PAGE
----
Bulletin of the Geological Society of Malaysia, Volume 20, August 1986, pp. 249 – 267
Geology Department, Chuklalongkorn University, Bangkok 10500, Thailand
Abstract: Analyses of 65 drill-hole cores which penetrated to depths ranging from 60-465 metres within the Bamnet Narong area of approximately 170 square kilometres reveal three cycles of evaporitic sequences in the Maha Sarakham Formation of the Khorat Group. Mineralogical, petrographical, geochemical and geophysical data have been employed to define the lithostratigraphy, sedimentary facies, as well as for the reconstruction of the depositional environment and post-depositional changes.
The lower evaporitic cycle is characterized, from bottom to top, by ferruginous sandstone, calcareous sandstone, an anhydrite zone, a halite zone, and a potash zone. This sequence is almost exclusively equivalent to lower-, middle-, and some parts of higher- orders of theoretical marine evaporitic facies. The middle evaporitic and the upper evaporitic cycles are represented by the alternation of halite and anhydrite zones. These two cycles can be interpreted as lower- and middle-orders of theoretical evaporitic facies. It was also noted that all evaporitic cycles were interbedded with fine-grained clastic rocks of reasonable thicknesses.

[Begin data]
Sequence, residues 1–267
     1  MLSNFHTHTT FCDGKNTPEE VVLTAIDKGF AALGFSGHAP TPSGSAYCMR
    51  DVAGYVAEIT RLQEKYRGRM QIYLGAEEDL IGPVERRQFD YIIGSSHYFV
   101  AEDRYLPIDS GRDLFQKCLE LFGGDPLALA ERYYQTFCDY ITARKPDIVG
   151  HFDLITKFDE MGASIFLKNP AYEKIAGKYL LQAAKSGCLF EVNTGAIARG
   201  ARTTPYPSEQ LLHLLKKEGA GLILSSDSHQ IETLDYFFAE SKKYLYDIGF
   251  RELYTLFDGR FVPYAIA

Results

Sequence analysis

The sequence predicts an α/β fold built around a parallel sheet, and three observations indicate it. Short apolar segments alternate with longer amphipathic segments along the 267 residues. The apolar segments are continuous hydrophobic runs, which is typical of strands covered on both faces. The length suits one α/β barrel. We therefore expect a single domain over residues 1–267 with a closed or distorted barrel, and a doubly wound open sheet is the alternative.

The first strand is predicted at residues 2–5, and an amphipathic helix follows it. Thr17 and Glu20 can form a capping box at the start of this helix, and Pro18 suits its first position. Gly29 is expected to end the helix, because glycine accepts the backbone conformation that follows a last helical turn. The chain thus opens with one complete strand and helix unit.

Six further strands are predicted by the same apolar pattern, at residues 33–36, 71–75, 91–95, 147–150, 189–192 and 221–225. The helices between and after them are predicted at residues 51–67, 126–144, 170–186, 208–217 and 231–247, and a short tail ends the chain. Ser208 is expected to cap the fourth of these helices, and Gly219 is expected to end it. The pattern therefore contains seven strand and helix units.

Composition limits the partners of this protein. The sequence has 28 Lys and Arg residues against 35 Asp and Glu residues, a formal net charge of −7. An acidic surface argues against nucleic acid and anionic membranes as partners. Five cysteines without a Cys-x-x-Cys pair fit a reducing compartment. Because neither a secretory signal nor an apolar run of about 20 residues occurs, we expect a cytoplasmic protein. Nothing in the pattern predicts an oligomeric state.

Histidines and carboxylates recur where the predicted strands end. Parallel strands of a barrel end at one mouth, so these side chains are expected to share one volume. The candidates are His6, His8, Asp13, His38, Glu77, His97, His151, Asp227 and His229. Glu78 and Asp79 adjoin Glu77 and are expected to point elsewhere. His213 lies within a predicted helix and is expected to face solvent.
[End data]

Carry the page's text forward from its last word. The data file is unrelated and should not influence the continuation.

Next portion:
Many lines of evidence indicate that the depositional basin was a shallow epeiric sea with a gentle sloping depositional surface. During the initial marine transgression, the sediment substrate was mainly of terrigenous clastics. The condition of the depositional environment changed from an open marine to a restricted marine under the influence of threshold depths of the basin floor elsewhere outside the study area. Subsequently, the brine concentration mechanism as well as the palaeosalinity has been attributed to a marine transgression and regression into the depositional basin under an arid to semi-arid palaeoclimate. The evaporitic sub-facies also indicate that the palaeosalinity varied within the range of penesaline, saline, to supersaline conditions according to the “bar-basin” theory.
With respect to post-depositional changes, it is recognized that in the area where the evaporitic facies have been structurally deformed to gentle anticlines, the characteristics of depositional facies have remarkably altered. In the light of groundwater activities, carnallite in the potash zone has been chemically transformed into sylvite through the process of incongruent alteration. The formation of anhydrite caps at the crests of anticlines has been explained as a residual accumulation after the leaching of halite/anhydrite layers by tile groundwater.